The Kauffman Index of Main Street Entrepreneurship measures established small business activity – focusing on businesses more than five years old with less than fifty employees – from 1997 to 2016 for the United States.
The Kauffman Index of Main Street Entrepreneurship: Metropolitan Area and City Trends
Main Street entrepreneurship activity index trended upward for 38 of the 40 largest metros in 2016. The exceptions were San Jose and Nashville. Activity was particularly high among metros in the Northeast, Midwest and certain areas of the West Coast.
The five metros with the highest Main Street entrepreneurship activity are Pittsburgh, Boston, Portland, San Francisco and Washington, D.C. The first-five-years survival rate of businesses in the 40 largest metros ranges from an estimated 45.44 percent in Orlando to 54 percent in Boston.
The Kauffman Index of Main Street Entrepreneurship: State Trends
Main Street Entrepreneurship activity increased in all states except Alaska, Delaware and Louisiana in 2016.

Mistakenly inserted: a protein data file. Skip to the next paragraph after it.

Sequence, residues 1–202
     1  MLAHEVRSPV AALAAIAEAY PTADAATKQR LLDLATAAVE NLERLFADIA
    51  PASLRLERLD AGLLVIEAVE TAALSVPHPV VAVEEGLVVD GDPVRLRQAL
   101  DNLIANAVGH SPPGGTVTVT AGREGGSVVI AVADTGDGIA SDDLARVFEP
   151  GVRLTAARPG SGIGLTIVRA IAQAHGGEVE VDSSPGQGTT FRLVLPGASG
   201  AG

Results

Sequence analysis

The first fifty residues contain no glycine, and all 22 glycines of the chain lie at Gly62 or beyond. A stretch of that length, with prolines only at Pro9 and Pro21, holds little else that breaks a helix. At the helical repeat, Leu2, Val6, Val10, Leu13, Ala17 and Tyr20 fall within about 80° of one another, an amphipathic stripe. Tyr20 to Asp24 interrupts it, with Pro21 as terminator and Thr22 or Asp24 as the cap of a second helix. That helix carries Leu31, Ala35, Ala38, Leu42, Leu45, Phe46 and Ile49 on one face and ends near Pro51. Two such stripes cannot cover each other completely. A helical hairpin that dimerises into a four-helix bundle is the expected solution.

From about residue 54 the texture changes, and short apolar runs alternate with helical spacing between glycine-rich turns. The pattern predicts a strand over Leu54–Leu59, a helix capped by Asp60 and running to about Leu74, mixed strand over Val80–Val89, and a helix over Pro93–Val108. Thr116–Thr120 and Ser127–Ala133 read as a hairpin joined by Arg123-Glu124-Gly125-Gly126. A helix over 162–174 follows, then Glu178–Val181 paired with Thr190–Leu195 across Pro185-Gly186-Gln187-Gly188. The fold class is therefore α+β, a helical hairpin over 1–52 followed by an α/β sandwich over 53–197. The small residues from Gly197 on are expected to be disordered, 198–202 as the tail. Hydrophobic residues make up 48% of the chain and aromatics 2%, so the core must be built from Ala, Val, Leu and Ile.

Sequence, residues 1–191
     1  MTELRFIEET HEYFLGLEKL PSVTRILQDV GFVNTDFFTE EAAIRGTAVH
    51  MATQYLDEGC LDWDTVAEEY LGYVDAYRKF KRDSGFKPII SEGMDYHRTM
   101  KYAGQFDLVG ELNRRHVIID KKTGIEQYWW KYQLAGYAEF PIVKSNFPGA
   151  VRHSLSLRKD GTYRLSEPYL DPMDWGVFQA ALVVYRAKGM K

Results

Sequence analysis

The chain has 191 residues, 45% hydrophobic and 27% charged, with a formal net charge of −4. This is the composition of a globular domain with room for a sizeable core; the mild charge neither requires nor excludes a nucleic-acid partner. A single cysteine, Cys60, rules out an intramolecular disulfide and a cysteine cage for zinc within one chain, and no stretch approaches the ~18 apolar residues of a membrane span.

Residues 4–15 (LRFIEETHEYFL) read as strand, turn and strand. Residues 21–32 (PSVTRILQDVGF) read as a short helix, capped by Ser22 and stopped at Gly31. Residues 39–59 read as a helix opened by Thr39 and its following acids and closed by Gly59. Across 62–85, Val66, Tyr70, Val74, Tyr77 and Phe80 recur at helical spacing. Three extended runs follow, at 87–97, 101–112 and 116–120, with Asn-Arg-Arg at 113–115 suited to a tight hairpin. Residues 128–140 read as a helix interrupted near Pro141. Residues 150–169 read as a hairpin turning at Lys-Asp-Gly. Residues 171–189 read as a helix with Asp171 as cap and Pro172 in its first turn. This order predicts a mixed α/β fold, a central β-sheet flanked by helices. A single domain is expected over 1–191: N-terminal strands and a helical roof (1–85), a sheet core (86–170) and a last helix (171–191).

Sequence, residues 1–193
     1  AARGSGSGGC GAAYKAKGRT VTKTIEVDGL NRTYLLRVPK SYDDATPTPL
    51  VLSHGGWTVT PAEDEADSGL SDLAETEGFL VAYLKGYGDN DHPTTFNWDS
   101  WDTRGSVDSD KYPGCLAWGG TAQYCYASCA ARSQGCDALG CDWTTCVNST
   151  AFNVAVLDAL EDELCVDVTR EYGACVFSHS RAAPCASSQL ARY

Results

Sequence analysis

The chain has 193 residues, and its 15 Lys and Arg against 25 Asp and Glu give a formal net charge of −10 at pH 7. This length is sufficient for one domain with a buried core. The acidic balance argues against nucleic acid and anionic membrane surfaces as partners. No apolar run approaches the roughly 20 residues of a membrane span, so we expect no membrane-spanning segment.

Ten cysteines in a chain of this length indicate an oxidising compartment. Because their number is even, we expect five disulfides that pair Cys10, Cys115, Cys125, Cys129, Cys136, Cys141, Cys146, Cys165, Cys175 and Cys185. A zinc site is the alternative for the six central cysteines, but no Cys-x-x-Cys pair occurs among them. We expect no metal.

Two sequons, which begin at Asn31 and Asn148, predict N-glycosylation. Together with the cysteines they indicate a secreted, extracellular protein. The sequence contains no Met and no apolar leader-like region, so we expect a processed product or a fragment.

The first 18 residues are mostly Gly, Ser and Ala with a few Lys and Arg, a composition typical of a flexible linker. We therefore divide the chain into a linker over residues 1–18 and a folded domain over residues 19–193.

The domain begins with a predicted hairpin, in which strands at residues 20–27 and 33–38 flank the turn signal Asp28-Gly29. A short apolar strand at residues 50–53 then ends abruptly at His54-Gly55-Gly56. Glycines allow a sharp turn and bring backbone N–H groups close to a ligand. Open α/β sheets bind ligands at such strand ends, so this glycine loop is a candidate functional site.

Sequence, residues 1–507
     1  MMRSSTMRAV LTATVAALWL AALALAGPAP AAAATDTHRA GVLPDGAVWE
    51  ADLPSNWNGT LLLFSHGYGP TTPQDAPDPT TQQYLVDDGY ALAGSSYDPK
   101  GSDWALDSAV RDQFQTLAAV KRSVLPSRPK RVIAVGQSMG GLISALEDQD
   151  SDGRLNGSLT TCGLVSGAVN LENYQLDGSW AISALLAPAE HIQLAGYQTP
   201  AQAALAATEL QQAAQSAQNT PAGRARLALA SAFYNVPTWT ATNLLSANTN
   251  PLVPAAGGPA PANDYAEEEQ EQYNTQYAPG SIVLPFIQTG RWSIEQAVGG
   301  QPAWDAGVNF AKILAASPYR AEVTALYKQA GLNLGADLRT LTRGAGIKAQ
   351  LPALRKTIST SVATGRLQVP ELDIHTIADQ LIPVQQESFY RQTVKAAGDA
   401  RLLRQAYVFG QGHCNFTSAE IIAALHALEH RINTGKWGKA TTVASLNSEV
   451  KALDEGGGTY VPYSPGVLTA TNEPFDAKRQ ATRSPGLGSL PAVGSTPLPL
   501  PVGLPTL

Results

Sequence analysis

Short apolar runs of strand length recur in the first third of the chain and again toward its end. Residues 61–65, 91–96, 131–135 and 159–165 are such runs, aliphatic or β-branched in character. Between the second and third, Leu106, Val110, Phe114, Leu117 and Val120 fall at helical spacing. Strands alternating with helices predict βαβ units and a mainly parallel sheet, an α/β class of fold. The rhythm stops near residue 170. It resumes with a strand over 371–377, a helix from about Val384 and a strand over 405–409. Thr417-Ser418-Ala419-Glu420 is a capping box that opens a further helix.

Among the 25 larger states, the five with the highest Main Street entrepreneurship activity were Minnesota, Wisconsin, Massachusetts, Colorado and Pennsylvania. South Dakota, Vermont, Montana, North Dakota and Maine were the smaller states with the highest Main Street Entrepreneurship activity.
The Kauffman Index of Main Street Entrepreneurship: National Trends
For the first time since the recovery got underway, Main Street entrepreneurship activity is at higher levels in 2016 than those recorded before the onset of the Great Recession.
This increase was primarily driven by a jump in the business survival rates, which reached a three-decade high of 48.7 percent. This means almost half of new businesses are making it to their fifth year of operation.
Greater longevity for startup businesses marks a major turnaround from the Great Recession, which saw the business survival rate drop to a low of 42.9 percent in 2011. Survival rates have increased every year since then.
The national Rate of Business Owners and the Established Small Business Density remained steady in the 2016 Main Street Index. The Rate of Business Owners was 60 out of 1,000 adults, the same as the previous year. Business Density changed little, logging 676 established small businesses per 1,000 businesses.
However, the results show that U.S. small businesses have gotten smaller over the last 20 years. The smallest of those small businesses – companies with one to four employees – make up 53.1 percent of all established small businesses, up from 49.5 percent in 1996.
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